If I seem passionate about the topic it's because I have had to leave two separate positions because of an ethical objection to my participation in what I consider morally objectionable procedures.

The irony is that folks that don't agree with me on my objections would object to participating in euthanasia. I've spoken with a couple of them. They are very dismissive of the possibility that they will ever be put in the position of having to participate or not. So for them, the dilemma is facing the possibility of having to decide, not the issue itself.

No decision, no problem. I don't think they realize how quickly things have been changing and how soon they'll share my choices.

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Kuriin specializes in Emergency.

I wrote an ethics research paper on Dying with Dignity and fully support it. I currently work in a stroke telemetry stepdown unit where many of our patients become comfort care because their strokes have progressed to the point of no return. If you worked in a unit where you often see EOL care, I'm sure most people's views would change to be more of a patient advocate.

Yes, there's the slippery slope that many opposing people think about. However, I don't believe it's going to valid as euthanasia in California requires a multitude of steps before you even get the medication.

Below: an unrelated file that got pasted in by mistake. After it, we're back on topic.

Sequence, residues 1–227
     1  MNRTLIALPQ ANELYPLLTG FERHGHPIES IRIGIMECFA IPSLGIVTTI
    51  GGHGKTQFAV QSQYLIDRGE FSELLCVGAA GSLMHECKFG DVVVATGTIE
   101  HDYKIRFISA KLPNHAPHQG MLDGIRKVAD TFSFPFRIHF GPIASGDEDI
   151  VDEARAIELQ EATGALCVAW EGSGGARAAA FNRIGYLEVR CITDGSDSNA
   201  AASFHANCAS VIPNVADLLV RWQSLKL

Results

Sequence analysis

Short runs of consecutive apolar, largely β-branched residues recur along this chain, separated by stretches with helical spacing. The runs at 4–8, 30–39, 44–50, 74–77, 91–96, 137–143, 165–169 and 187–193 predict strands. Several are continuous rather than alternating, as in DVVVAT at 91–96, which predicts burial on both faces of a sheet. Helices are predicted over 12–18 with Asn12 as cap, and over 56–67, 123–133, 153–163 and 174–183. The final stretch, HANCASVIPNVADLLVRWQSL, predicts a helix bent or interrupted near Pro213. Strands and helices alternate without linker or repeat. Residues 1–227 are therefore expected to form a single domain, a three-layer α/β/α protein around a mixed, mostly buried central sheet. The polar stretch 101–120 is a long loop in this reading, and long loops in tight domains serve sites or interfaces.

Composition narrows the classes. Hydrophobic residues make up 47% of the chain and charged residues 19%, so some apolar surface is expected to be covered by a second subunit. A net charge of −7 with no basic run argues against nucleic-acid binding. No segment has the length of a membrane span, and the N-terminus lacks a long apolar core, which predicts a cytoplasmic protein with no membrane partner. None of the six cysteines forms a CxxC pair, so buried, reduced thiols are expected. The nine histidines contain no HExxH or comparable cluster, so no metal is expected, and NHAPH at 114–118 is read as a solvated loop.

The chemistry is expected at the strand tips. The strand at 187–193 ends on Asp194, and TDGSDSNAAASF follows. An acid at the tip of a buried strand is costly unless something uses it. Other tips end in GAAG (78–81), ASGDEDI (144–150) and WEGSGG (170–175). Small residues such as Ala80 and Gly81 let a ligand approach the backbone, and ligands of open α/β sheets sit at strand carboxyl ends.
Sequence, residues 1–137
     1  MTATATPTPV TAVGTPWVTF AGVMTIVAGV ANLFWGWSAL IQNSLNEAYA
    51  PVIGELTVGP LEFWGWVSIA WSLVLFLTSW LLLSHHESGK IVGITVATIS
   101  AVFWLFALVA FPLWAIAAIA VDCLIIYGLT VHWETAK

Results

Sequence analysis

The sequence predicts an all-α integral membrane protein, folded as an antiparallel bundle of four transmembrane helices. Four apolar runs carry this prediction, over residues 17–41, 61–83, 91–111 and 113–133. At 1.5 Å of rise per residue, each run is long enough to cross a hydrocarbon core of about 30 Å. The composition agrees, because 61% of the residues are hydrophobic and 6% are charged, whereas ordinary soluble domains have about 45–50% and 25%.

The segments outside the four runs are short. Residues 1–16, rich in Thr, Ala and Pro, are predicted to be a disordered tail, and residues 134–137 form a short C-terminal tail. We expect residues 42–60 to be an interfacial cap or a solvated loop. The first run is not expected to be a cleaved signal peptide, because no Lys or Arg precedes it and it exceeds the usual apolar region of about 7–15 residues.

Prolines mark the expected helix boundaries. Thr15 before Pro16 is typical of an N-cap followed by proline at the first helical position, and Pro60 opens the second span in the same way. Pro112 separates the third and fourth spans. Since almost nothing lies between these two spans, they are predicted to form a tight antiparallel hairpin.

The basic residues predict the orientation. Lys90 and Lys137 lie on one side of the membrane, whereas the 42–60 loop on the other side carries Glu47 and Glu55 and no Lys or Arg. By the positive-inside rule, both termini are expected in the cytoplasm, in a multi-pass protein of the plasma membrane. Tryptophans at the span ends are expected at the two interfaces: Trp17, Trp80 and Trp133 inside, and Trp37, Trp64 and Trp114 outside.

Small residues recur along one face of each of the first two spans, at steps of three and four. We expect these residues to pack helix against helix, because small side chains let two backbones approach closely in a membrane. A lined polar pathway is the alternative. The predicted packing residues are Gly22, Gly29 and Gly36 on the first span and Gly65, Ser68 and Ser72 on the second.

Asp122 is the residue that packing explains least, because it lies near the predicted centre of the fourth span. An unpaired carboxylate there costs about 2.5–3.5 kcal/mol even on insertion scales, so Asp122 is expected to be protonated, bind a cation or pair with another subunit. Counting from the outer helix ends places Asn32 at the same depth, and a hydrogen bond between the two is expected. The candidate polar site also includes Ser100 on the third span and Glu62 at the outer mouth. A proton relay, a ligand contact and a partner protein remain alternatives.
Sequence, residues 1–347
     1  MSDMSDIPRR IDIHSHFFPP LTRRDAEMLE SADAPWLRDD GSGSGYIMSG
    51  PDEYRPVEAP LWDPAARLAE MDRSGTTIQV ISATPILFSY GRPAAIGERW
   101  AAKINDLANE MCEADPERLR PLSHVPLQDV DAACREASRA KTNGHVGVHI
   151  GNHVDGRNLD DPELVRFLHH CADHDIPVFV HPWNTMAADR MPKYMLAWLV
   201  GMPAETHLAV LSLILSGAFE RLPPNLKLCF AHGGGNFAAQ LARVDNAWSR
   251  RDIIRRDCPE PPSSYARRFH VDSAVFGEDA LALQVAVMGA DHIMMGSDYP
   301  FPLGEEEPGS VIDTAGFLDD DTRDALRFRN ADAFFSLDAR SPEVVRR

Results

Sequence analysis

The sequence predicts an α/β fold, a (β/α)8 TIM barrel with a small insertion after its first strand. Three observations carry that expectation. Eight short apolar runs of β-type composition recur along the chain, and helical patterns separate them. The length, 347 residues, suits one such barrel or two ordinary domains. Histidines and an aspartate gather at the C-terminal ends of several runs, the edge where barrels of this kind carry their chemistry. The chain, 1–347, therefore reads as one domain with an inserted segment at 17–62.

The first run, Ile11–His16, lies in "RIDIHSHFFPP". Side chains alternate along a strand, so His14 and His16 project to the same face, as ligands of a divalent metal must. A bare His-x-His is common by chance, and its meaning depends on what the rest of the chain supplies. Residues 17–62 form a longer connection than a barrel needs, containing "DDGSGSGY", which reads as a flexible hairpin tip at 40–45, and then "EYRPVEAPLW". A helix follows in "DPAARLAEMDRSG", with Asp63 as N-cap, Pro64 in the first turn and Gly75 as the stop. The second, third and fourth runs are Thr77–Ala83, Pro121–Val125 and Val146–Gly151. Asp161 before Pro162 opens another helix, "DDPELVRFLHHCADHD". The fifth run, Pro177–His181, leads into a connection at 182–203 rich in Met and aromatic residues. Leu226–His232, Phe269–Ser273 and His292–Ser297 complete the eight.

It is always amazing to me where people who do not believe in a certain thing demand to force their beliefs on everyone else. The right to die is a personal and individual one and should be respected as one. I personally would have no problem assisting someone in pain to die on their own terms rather than suffer a prolonged illness.

It reminds me of my nursing days where we had cancer patients that nurses refused to give IV meds to as they believed it was quickening their death. Patients in pain with their families at their bedside and a nurse refusing to administer medications in the dose needed to relieve the pain. It made me sick back then and it makes me sick now to think how others hold their own weak morals over the actual needs of others.

BSN16 specializes in ICU, trauma.

Obviously you have never taken care of patients who are truly suffering and death would be a gift for them. There are WORSE things than death. And you shouldn't shame people who are done fighting because you disagree with it.

traumaRUs specializes in Nephrology, Cardiology, ER, ICU.

Very timely topic....interesting responses.

Because of my pt population, I frequently deal with end of life issues and withdrawal from life support. It is always a hard decision for pts/families (as it should be) but agree with others that state that sometimes life with no quality of life is not worth living and pts/families should be given the choice in a non-biased manner.

Medical assistance in dying is now available in Canada and I am starting to have clients interested in it, and one that has taken advantage of it (he died last weekend). There are a number of checks and balances in place to try to ensure that folks are competent to make the decision and are not being coerced in any way. NPs can provide MAID in my province in the same ways that a physician can. They can determine eligibility for the procedure, prescribe the medications required, and administer the medication if that's how the client wants it done. Since it is very new, I don't know of any NPs yet who are doing so (not to say there aren't any, just that I don't know them), but I am sure that will change.